We were commissioned as Lead Architects and Heritage Consultants to design a new Graduate Centre and add an extension to existing student accommodation pavilions for University of Oxford’s St Catherine’s College.
Our design creates a £10m contemporary addition for the College’s graduate student community that provides a complementary accompaniment to Arne Jacobsen’s original campus design and Stephen Hodder’s later phases of development.
The University of Oxford is made up of 38 constituent colleges of which St Catherine's College is one of them. St Catherine’s College is one of the newer colleges; it was constructed in 1960 by Danish architect, Arne Jacobsen. St Catherine’s is both Grade I and Grade II-Listed and is consistent with Modernist architecture of its time; the buildings feature open-plan quads, large spacious rooms and long rectangular windows.
It is arguably one of the best-preserved original pieces of Jacobsen’s architecture globally. One of the defining features of St Catherine’s is a consistency and a harmony of materials, scale, mass and detail. All of the buildings are designed with a rigid design grid of 3.165m in plan ‘modules’ and this three-dimensional grid permeates the whole site.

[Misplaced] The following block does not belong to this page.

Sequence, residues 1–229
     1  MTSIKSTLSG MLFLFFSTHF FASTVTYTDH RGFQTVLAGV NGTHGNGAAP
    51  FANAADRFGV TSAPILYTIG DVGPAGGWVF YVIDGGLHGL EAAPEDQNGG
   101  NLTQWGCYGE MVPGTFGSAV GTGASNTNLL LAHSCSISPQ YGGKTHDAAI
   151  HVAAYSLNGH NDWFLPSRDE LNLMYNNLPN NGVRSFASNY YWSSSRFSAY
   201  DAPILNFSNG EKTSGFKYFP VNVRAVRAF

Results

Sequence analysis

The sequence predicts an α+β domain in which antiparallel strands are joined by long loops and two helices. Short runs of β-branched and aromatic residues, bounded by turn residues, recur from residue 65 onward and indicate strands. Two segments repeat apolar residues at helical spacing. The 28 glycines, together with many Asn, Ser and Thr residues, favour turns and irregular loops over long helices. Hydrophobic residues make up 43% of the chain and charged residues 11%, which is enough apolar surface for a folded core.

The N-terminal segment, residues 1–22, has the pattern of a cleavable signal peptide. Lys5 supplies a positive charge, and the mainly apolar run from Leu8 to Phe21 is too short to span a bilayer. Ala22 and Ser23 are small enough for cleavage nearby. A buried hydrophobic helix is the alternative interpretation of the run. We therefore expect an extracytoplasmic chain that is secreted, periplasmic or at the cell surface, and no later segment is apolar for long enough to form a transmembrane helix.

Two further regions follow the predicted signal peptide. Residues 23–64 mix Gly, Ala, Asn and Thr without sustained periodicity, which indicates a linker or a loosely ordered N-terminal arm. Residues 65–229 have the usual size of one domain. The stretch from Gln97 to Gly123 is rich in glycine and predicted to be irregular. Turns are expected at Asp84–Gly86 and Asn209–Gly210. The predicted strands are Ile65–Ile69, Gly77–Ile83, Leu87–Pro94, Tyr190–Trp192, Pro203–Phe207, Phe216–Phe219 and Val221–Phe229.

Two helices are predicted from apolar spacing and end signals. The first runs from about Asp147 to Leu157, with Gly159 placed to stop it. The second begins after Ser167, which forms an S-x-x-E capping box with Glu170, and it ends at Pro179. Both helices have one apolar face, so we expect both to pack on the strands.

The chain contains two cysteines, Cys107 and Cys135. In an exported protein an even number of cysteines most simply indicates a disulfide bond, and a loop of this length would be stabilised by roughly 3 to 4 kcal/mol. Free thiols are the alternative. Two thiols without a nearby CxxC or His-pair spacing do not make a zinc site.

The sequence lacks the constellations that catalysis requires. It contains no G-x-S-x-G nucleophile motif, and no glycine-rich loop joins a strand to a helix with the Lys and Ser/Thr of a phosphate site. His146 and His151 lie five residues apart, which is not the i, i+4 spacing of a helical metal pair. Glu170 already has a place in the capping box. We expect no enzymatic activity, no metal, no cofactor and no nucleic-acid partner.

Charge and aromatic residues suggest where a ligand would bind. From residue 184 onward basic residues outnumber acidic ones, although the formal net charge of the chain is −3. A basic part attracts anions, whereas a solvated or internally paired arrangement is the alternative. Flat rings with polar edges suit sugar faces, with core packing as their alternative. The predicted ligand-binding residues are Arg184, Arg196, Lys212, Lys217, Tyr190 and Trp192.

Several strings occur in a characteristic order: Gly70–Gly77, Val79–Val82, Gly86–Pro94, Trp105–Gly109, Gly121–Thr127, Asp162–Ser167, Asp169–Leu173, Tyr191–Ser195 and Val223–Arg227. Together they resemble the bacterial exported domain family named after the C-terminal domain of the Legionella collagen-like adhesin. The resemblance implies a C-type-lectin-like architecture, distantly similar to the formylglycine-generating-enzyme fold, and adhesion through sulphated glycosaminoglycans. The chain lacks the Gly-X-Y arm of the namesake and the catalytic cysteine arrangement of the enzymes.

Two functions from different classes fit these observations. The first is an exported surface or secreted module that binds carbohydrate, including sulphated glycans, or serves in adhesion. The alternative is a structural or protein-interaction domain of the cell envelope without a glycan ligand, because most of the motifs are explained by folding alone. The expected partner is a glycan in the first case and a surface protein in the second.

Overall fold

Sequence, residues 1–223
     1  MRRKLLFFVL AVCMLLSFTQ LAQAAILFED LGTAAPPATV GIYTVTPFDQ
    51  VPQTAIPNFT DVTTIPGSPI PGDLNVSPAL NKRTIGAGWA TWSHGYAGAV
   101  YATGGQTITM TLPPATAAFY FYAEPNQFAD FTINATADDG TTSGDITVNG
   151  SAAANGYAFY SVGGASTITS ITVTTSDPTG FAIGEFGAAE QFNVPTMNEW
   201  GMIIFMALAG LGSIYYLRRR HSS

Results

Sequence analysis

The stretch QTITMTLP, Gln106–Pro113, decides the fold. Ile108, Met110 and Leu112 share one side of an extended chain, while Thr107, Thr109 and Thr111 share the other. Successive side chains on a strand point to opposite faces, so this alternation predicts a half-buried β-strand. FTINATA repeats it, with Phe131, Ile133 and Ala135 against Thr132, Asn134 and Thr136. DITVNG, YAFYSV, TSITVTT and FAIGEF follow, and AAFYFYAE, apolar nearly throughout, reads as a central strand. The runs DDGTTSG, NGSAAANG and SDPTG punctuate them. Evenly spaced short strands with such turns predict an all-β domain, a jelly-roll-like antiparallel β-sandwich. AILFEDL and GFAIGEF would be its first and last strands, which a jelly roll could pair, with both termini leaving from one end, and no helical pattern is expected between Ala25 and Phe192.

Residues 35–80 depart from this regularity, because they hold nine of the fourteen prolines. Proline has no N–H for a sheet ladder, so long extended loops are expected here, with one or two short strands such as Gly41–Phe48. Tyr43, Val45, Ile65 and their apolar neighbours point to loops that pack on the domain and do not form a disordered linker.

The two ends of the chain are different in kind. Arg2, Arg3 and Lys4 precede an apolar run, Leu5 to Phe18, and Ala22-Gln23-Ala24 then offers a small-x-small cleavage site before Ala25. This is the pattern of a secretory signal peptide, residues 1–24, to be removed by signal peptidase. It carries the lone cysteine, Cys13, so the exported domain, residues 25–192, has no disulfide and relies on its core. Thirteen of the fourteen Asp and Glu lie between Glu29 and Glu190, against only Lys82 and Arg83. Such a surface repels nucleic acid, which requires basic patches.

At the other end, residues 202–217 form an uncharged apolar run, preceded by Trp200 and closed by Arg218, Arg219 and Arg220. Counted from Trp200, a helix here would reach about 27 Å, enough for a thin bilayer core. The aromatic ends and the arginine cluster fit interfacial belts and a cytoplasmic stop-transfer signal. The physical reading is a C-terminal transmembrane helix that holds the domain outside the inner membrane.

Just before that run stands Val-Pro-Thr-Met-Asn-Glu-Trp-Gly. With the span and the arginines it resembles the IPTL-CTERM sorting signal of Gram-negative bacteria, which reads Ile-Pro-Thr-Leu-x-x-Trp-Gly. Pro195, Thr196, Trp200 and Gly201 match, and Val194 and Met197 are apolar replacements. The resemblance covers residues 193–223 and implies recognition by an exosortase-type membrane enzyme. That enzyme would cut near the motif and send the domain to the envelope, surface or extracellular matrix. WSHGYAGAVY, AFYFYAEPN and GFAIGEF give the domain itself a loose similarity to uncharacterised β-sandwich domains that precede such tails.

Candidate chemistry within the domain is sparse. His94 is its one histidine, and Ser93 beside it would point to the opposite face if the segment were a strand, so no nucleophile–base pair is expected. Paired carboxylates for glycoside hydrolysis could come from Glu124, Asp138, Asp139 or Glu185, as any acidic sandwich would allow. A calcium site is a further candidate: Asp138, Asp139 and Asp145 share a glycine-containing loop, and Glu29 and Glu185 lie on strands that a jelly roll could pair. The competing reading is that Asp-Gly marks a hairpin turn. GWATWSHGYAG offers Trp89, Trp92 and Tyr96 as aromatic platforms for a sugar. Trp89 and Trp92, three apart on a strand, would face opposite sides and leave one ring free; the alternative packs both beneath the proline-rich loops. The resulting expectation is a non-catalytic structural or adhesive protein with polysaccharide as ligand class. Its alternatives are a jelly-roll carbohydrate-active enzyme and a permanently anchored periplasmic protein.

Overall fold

St Catherine’s has had two significant phases of expansion, including two phases by Stephen Hodder in the early 1990s and 2000s where he added student accommodation pavilions to the site.
The new Graduate Centre, designed by Purcell, maximises the potential of the constrained site, which sits in Oxford’s green belt and flood zone. The cylindrical three-storey structure responds to both Jacobsen’s original masterplan and Hodder’s distinctive pavilions.
Jacobsen uses pure form geometries consistently throughout the design. The music house is a plan form of two intersecting octagons, the gymnasium is a pure square, the cycle store is a cylindrical building and thus we designed the new Graduate Centre floor plan as a circle.
The Graduate Centre contains a seminar room, common room and multi-use event space. The building’s facade features bronze and stainless steel cladding; inside features a variety of timbers; and the common room is well lit.
We adhered to the ideology of respecting the consistent materials palette. Accessibility was a key consideration from the outset of the project. “Despite being a relatively small building it has a lift and accessible bathrooms on every floor.
Purcell’s extension to the student accommodation is a continuation of Hodder’s Phase 2 development, successfully adding 78 en-suite bedrooms to the building. The team also introduced a central corridor to the extension, deviating from Hodder’s design, but ensuring that a lift would provide access to all areas.
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Photography credit: Quintin Lake photography